Time Out says
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Decent stage adaptation of the film, but no vintage
It’s over a decade since the film ‘Sideways’ moved cinema audiences with its sun-drenched, wine-quaffing ‘Withnail-and-I’-alike antics in Californian wine country, and now Rex Pickett, the author of the original novel, has turned his book into a broadly entertaining, fitfully amusing but less affecting play.
The label on the bottle reads the same: louche two-bit actor Jack (Simon Harrison) drags his kvetching failed writer mate Miles (Daniel Weyman) on a trip through Californian wine country on a last hurrah before his wedding. Wine expert Miles is newly divorced, depressed and fragile; while more carefree, reckless Jack looks to be walking into a marriage he’s barely committed to.
The film ‘Sideways’ was more brutal in revealing the downsides of chasing wine and women. David Grindley’s production goes for a more broadly appealing touch, walking a tightrope between parading its two female leads Maya (Ellie Piercy) and Terra (Beth Cordingly) in bikinis and then having one of them smack philandering Jack squarely in the nose soon after (inspiring shouts of ‘bastard!’ and ‘well-deserved’ from my audience). The intense, passionate wine chat is still the highlight of the story, and there’s a strong scene in a restaurant where all four main characters drink and flirt and Pickett’s dialogue barely masks seduction with talk of aromas and vineyards and vintages.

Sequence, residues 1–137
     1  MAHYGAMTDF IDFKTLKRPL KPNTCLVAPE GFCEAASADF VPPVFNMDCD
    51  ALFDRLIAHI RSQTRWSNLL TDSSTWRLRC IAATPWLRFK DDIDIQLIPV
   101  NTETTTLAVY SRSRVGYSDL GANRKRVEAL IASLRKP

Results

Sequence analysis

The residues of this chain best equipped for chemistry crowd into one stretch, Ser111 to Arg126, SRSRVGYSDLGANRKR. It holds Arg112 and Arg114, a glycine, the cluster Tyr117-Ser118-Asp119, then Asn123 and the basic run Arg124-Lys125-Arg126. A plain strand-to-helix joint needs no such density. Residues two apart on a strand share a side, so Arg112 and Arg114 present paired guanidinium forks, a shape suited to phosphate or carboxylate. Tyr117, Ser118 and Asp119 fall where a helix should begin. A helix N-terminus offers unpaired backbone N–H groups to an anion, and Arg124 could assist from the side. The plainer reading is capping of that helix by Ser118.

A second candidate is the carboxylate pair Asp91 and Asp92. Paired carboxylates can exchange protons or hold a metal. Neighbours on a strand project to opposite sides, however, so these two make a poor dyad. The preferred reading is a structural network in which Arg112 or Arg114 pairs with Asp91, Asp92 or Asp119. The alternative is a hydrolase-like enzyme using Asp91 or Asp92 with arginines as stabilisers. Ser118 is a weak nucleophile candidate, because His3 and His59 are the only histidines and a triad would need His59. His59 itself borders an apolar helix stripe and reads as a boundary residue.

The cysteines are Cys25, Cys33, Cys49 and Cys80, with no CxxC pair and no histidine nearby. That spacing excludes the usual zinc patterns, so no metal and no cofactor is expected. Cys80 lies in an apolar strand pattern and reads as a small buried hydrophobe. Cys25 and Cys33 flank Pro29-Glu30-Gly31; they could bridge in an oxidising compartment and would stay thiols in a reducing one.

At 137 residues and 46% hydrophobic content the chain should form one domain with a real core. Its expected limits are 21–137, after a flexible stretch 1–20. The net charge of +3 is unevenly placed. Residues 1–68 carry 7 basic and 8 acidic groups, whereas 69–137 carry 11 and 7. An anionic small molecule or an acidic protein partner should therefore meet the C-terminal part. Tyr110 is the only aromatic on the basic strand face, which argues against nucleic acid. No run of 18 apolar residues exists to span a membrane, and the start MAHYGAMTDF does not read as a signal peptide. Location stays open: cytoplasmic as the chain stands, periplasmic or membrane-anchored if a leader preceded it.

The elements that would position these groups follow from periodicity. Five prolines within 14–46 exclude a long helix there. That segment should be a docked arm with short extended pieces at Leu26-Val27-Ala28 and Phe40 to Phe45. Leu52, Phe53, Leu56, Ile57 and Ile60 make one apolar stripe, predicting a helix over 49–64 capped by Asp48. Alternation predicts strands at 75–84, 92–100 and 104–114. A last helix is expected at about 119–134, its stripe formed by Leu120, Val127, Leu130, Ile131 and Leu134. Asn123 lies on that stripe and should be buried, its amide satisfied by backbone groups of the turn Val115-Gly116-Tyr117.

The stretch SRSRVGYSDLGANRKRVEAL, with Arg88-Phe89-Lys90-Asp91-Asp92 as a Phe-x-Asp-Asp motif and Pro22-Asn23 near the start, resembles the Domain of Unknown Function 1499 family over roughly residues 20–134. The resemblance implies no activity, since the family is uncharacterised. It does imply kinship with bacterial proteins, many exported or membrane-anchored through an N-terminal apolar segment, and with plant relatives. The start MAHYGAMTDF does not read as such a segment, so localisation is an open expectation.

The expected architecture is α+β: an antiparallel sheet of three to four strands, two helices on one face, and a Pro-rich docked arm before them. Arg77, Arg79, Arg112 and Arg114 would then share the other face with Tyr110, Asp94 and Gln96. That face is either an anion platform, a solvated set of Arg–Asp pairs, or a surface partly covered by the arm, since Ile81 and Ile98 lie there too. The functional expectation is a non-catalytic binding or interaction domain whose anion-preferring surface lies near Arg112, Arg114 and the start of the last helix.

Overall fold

The play suffers in comparison with the film: it’s episodic, it lacks a sense of place and it’s less incisive on male depression and delusion than the movie. It’s a lighter, less serious affair all in all, and Laura Hopkins’s weak, fiddly set fails to find a solution to all the hopping about from place to place inspired by a book and movie set on the road. But some lively scenes and strong performances from all four leads just about lift it above the humdrum. It’s no vintage - but it’s drinkable plonk.